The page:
Azimuth is an angular measurement.  Given North is 000, then East is 090, South is 180 and West is 270, with points in between.

Tripod literally means “3 Feet”.  Surveyors use tripods to stabilize and level their instruments.

A Clinometer is an instrument used to measure slope.  Think of the words incline and decline.


When mapping, surveyors use Triangulation – making their measurements based on triangles.  The more triangles they use, the more accurate their measurements are.  A triangle can exactly locate a point relative to another point.  It is made using a bearing measurement and a distance measurement.There are records that indicate that triangulation has been used as the basis for surveying since the ancient Roman times 2000 years ago.


A Noman is an instrument used by the ancient Roman surveyors.  It is a long stick with an elbow extension.  From the tip of the extension a string is hung with a heavy weight on the end – a Bulbul which is today called a plumb bob – which points straight to the center of the earth.  The Bulbul that Dr. Paradise showed us dated to about 40 B.C.  The point to which the bulbul points is the point from which measurements of distance and azimuth are made for a triangle.


Today surveyors are more likely to use a tripod rather than a noman.

An Alidade is an instrument used by surveyors which includes a compass, a telescope and a level.

A Bruntan is an instrument which takes measurements for bearings.  Dr. Paradise showed us a modern Brunton and one from 1917.  The one from 1917 was made of bronze and was heavy.  It also had sharp edges.  There are a couple of ways to use the bruntan.  The numbers for from which the azimuth is read seem to go in the opposite direction of what they ought to be because you look through a mirror and read the mirror image to record the measurement.

The theory and concepts of surveying and mapping have been the same for 2000 years.  Only the technology for recording the measurements has changed.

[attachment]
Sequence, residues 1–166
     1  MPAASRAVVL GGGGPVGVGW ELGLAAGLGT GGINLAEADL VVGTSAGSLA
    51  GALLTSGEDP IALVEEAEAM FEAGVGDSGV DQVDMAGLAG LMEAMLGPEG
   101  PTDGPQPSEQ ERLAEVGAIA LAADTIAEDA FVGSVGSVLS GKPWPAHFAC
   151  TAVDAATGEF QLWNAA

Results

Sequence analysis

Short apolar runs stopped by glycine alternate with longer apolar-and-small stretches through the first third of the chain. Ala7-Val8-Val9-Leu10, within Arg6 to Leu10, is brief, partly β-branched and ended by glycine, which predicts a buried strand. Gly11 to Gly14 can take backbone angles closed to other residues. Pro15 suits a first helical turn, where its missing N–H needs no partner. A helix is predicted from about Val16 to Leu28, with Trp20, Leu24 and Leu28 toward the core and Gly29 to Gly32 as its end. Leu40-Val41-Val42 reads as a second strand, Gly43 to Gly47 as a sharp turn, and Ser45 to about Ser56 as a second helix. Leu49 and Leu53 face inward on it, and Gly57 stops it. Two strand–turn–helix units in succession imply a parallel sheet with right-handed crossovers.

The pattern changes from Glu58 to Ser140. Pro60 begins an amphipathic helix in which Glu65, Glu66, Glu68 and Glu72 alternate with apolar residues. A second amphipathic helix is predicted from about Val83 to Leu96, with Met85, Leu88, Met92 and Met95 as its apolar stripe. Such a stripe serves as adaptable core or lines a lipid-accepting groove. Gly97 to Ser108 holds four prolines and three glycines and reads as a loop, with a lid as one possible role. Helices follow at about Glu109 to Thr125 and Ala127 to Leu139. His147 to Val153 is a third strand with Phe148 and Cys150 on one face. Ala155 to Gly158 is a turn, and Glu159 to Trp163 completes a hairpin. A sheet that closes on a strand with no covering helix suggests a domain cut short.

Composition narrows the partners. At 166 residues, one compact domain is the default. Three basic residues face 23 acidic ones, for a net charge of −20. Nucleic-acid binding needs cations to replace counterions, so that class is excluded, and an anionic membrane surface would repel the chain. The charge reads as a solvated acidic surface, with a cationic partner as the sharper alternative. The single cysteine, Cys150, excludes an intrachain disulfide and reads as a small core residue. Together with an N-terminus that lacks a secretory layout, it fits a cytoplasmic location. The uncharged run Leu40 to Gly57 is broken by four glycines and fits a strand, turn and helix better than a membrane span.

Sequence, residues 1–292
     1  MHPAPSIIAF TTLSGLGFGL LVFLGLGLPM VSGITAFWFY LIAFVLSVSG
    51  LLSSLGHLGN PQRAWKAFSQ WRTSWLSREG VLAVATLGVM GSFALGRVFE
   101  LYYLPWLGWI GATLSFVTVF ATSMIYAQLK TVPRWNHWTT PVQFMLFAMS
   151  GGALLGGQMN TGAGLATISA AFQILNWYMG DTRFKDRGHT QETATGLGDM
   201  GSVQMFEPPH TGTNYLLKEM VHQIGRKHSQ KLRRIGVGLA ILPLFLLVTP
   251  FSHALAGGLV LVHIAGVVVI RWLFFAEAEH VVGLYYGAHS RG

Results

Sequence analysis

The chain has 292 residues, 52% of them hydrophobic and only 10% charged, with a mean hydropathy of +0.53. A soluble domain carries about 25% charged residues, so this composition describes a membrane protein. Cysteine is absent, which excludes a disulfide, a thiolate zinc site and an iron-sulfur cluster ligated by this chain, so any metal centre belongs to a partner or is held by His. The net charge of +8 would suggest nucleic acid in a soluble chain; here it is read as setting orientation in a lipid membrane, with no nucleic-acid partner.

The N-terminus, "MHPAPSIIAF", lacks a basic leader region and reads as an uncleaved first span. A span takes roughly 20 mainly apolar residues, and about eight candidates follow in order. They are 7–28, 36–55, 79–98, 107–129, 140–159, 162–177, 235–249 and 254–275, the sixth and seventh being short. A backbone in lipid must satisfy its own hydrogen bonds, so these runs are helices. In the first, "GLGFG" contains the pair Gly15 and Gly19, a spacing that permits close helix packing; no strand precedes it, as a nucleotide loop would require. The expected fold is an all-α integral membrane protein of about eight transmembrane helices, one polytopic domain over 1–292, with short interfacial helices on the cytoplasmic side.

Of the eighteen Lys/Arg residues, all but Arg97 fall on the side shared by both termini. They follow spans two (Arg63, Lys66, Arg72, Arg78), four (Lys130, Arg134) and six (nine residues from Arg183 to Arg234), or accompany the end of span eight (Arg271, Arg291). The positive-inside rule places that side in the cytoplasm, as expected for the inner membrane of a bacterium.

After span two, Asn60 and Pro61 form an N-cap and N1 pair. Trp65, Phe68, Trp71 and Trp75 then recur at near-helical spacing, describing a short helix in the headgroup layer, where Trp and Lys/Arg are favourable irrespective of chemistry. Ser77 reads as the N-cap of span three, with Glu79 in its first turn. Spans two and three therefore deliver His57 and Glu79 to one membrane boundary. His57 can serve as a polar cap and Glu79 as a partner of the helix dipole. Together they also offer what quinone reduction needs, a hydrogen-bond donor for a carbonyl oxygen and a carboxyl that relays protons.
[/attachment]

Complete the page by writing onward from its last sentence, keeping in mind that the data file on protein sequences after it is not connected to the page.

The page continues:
For 200 years surveyors have used a noman, a brunton, a tripod and bulb, an alidade, a clinometer, and a tape measure of some sort.

Today we can use laser devices which will record a distance to whatever the laser touches.  We also have stationary satellites which can use triangulation to locate a point.  Remotely sensed images can yield a resolution so good that one can almost identify faces and numbers on license plates.  Clues such as foliage and shadows can be used to identify when a satellite image was made.

Metes and Bounds is a concept used in mapping in which a description or narrative is recorded to identify a property.  An example would be “the NW corner of the property is the outside perimeter of the oak tree with a hornets nest in it.  The SW corner of the property is an unusually shaped, blackish rock. The SE corner is about 10 feet from…”  Metes and Bounds technique is not used anymore, for obvious reasons.

Rods are used to “see around objects”.  One member of the surveying team holds the rod while the other takes the measurements at the point indicated by the bulb.


Side-Stepping is a term which comes from surveying.  It means to avoid the point or to go around.  If a surveyor comes to a large object he must go around it by stepping to the side, usually in 90 degree movements to get back to the line he is stepping off.